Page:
In regard to the new SAQs, it has been confirmed that the initial format for the 2015.1 FE paper will be 180 minutes, 30 questions x 6 minutes, all equally weighted for marking. (DEMT forum by Chair FEC) There will be a variety of topic areas examined, and the number of questions within each individual question will range from 3 to 5 (as per the ACEM website examples), depending on complexity. This will be a very difficult written examination to complete in 180 minutes, and the format places a massive premium on sticking to time and moving on each 6 minutes. That being said, it will not be likely that many (? any) questions will require answers in depth or complex calculations, so I think this signals a change in the written examination to more breadth than depth.

This site will progressively change over the next six months with old material being updated and new material added. I’ll be leaving the weeks of the tutorial programme arranged in broad topic areas as in the old curriculum, as this seems to me as good as any other model for now.

Many other hospital EDs, coaches and sites will also be publishing new material. Two others I am aware of so far, and can recommend are:

a) Improving care in ED  (Auckland)  and

b) Medinuggets  (Melbourne)

Many more will emerge in the next six months, so share their links around widely to help all the candidates and their coaches in the lead up to the 2015.1 FE.

ACEM logo

ICE 015

A 22 year old woman with a past history of a seizure disorder presents to the ED with a 3 day history of progressive rash and fever. The rash began as macules and papules on the chest and neck and has now become blistered and eroded and involves the mouth and eyes. Her temperature is 390C and she feels miserable


Stevens Johnson Syndrome


Describe the features of the rash

  • What is the likely diagnosis ?
  • Suggest possible underlying aetiologies
  • How should this patient be managed?


The rash is widespread and in many forms (blisters, vesicles, erosions macules and papules). There is definite involvement of the oral mucosa and we are told that the eyes are involved as well. Although not seen, it is fair to assume up to 20% of body surface area is involved.

This is likely to be Stevens-Johnson Syndrome (previously known as erythema multiforme “many-forms” major) a disease with an immunological basis, on an overlapping continuum from the mild form (erythema multiforme) to the most severe (toxic epidermal necrolysis).

The common causes of these syndromes are:

Drugs – antibiotics esp sulphonamides, antiepileptics, NSAIDs, allopurinol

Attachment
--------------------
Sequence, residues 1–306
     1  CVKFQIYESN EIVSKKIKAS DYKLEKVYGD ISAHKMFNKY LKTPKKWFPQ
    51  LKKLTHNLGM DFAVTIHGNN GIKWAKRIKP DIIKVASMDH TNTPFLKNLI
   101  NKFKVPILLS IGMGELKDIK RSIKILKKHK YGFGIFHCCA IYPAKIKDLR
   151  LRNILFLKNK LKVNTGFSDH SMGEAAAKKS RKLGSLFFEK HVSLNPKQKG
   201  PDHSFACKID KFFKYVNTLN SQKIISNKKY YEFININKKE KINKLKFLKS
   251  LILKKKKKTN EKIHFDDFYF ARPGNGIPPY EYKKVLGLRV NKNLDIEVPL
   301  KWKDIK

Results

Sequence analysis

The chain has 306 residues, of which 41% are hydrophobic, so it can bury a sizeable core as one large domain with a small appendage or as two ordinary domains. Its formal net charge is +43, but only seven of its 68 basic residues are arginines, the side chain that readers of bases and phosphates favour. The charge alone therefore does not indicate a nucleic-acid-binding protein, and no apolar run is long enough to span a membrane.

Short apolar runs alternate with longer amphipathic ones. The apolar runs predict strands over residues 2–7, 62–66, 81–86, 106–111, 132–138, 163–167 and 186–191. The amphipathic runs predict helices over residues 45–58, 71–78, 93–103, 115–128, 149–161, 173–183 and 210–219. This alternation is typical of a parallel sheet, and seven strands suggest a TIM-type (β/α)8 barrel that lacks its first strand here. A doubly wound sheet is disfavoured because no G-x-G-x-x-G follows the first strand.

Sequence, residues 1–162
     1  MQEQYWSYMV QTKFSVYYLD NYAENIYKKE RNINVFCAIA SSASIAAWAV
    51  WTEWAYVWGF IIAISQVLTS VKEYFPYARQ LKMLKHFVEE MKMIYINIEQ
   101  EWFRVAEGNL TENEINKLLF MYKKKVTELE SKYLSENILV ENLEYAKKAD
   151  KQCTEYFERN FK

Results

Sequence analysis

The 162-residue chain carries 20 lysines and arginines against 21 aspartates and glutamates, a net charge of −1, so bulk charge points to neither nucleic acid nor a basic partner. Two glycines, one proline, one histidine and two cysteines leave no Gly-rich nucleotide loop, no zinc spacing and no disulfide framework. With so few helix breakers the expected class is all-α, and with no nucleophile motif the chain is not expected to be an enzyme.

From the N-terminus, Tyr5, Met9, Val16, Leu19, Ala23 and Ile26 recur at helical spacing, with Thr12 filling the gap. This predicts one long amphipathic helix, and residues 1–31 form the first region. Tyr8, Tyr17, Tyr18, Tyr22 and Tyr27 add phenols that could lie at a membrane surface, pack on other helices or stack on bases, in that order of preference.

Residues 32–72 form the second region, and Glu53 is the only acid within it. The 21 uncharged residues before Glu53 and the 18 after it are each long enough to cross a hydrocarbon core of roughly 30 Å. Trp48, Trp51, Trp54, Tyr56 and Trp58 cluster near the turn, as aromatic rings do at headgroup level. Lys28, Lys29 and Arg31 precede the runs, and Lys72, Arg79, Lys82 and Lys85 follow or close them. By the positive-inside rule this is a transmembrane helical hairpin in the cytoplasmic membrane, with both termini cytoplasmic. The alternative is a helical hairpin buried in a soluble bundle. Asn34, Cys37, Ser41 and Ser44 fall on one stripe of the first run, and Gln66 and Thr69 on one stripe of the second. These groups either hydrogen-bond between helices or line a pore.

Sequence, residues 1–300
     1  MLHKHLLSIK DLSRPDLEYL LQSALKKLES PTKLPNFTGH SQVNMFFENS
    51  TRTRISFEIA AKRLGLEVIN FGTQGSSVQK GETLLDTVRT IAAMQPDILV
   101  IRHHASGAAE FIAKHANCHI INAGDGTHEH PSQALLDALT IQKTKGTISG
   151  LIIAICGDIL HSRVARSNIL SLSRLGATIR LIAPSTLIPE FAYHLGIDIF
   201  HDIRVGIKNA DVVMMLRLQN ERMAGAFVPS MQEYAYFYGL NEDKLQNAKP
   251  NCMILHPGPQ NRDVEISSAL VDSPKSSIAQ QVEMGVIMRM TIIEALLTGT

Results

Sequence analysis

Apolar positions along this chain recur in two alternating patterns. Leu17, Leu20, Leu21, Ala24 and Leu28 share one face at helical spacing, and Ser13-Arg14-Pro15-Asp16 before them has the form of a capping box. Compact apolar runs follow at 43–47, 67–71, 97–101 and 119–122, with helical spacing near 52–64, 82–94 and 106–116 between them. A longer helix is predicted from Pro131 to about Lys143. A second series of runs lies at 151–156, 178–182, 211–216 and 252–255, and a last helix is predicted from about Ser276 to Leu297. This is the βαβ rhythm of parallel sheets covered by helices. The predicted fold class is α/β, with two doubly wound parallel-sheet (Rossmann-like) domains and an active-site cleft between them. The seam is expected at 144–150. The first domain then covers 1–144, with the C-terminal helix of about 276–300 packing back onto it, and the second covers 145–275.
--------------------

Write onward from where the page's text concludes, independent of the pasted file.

Infections – mycoplasma, herpes simplex, HIV

Haematological malignancies – lymphoma, leukaemia

The severe forms are often caused by drugs and can be life threatening.

Immediately stop any potential causative drugs.

This patient should definitely be admitted to hospital and preferably under the care of a dermatologist. If the disease becomes more severe or progressive care in a burns unit is required. The ED treatment is largely that of burns: dressings, pain relief, volume replacement and temperature maintenance.


More information:



Thanks to for use of image

 ICE Ian's Clinical Emergencies

RSR 003


Surf’s up!!  Time to enjoy another literature surf from Associate Professor Michael Ragg.
Check out his take on the studies below, and the abstract summary RSR 003


surfing at torquay








3waveHigh versus Low Blood-Pressure Target in Patients with Septic Shock [1]

My take is that we don’t need to chase a higher MAP on patients in septic shock, as those with a MAP of 65-70 did just as well from a mortality & serious adverse events point of view.


Mortality Related to Severe Sepsis in Australia and NZ, 2000-2012  [2]

Important paper showing mortality from severe sepsis & septic shock in Australia and NZ has reduced from 35% to 18% over the last 12 years. Mortality <5.

3waveDipstick Screening for Urinary Tract Infection in Febrile Infants [3]

So in a nutshell, urine dipstick had a NPV of 98.7% for UTIs and PPV of only 66.8%. Clinically, good for ruling out UTIs but not so good for ruling in. So a completely clear dipstick urine may be helpful in excluding the diagnosis

Transradial Coronary Catheterization and Intervention, Allen Test Results [4]

So in this study of 942 patients undergoing radial artery catheterization, the Allen’s test essentially made no difference and there were no hand ischaemic complications. Has not proved it but certainly is suggesting we need more research to prove whether doing an Allen’s Test is a waste of time

Time to epinephrine after in-hospital arrest with non-shockable rhythms [5]

So in 25,000 odd patients who had in-hospital cardiac arrest, the longer the delay to the first dose of adrenaline, the worse the outcome. Getting adrenaline earlier improved ROSC, survival in hospital and neurologically intact survival.


2waveFibrinolysis for Patients with Intermediate-Risk Pulmonary Embolism   [6]

2waveTime to Ambulance-Based Thrombolysis in Acute Ischemic Stroke [7]

2waveLorazepam vs Diazepam for Pediatric Status Epilepticus [8]

2waveAblation vs Antiarrhythmic Drugs for AF (RAAFT-2) [9]